Here’s the promised post about how we took our fireplace from this:


To this:


Although we had lived with the old fireplace for a year and it had been doing just fine, we decided that since we had the flooring out and everything, we might as well reface the fireplace while we were at it.

First, Chris removed those awful builder-grade brass sconces and patched the drywall. We then painted the walls a lovely happy spring green and painted the fireplace mantel a bright white (instead of that yucky off-white color).


This already made a huge improvement in the space but after all the work we had given the rest of the room, the imitation slate tile on the fireplace was starting to look really dated and ugly. We decided to tile the fireplace surround.

So we made a quick run to Home Depot and picked up $100 worth of new tile. At first I was considering a penny or mosaic tile but Chris thought they looked too bathroom-y.¬†We decided to go with a pretty light quartz ledgestone for the fireplace face (Desert Quartz Ledgestone, I can’t find the exact product again online but this one from Home Depot is almost an exact match) and a porcelain tile for the hearth that looks almost exactly like rough flagstone. Seriously, Chris’ Dad could hardly believe it was tile and not real stone.


Chris removed the old tile, which came off pretty easily. It had been mounted directly on the plywood and the fireplace face…which doesn’t seem very secure…that might explain why it came off so easily. Chris laid out the pattern on the floor so we were happy with the color distribution.



Chris and his dad mounted cement board onto the fireplace face and then screwed a piece of 1×4 to the cement board to act as an anchor for the top half of the tile (we didn’t want the tile sliding off before the Thinset dried!). After the top half of the fireplace was done we had to let it dry for 3 days while the Thinset cured, so Chris and his dad tiled the hearth, which was relatively simple (we’d had a bit of experience tiling the laundry room so we knew what to expect). The hearth was even easier because we didn’t have to cut any pieces to fit.


Here I am applying grout and buffing excess grout off the surface of the tile (that was kind of a chore because of the rough surface of the tile).


And then Chris finished tiling the face of the fireplace!


I love it. I think it looks so much more updated and cozy than before. Of course it will look nicer once it is styled and the surrounding carpet is in. We also need to cut some molding to cover those unsightly gaps on the bottoms of the wood pieces.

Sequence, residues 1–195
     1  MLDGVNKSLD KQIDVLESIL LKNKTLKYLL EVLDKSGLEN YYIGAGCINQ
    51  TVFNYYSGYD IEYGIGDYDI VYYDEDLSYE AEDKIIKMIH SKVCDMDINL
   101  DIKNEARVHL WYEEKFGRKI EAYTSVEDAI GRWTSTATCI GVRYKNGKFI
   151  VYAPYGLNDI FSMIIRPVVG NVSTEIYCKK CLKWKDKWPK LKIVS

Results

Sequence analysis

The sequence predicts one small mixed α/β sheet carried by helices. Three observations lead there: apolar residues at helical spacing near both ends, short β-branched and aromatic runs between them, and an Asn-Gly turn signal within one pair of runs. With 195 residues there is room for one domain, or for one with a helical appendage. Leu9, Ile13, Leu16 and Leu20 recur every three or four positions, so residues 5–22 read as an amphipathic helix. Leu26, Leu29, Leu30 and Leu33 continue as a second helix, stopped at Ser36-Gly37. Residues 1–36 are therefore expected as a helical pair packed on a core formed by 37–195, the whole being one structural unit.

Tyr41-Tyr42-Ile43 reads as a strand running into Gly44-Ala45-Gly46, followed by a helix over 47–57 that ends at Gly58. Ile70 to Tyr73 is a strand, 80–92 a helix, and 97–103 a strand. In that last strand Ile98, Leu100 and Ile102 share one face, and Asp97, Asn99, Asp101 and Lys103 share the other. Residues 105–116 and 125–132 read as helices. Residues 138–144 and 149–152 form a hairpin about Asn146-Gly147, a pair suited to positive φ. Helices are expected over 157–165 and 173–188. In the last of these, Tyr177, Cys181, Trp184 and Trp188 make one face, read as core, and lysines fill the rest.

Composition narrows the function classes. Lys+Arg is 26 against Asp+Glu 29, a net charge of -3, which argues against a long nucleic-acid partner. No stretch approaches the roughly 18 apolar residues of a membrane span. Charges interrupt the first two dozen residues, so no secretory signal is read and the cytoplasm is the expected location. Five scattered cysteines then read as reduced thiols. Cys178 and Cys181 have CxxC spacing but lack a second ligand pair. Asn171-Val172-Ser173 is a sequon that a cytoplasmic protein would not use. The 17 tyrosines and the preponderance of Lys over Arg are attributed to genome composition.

The surprising thing is that this project really didn’t take very long AT ALL. Especially compared to some of the other tedious long-term projects we’ve had going on around here. It took us two evenings, and a few days of drying time. AND it was cheap with a price point around $100. Just a little work and not a lot of money, but it makes a HUGE difference!

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7 comments on “Fireplace Revamp”

  1. Hi Camilla! I just put this exact tile on my fireplace. So glad to see someone else loved it as much as me. Had been looking for a while and this tile just hit me as perfect for a fireplace. Now I am trying to figure out how to decorate above the mantle. Would love to hear what you did.

  2. You guys did a great job on the fireplace. I’m planing on doing the same to mine, which is a very similar setup and size. Two questions:
    1) How much stone tile did it take?
    2) After you did the top section (supported by the 2×4) did you do the sides from the floor up and start from the top down?
    I appreciate the input. Howard

    • Hi Howard,
      I don’t remember what the sq footage was or how many boxes but I’m sure you can calculate it pretty easily. Just be sure to buy more tile than you need in case some pieces don’t have the coloring you like (and remember you’ll have to cut some tile off the sides). Home Depot allows you to return individual tiles if you buy more than you need.
      After we did the top section we started from the ground up so that subsequent tiles would have something to rest on. Measure beforehand so you can shave some off the bottom tile to make it fit if needed (since it would look strange to have a small sliver of tile right in the middle where the two sections meet).

  3. It’s beautiful! You guys did a great job. I did some searching after I saw your fireplace re-do and found the Desert Quartz Ledgestone at Lowe’s for $3.98 per 6×12 piece. We’re having our fireplace re-faced and now that I’ve seen your pics, this is the tile we’re going with.

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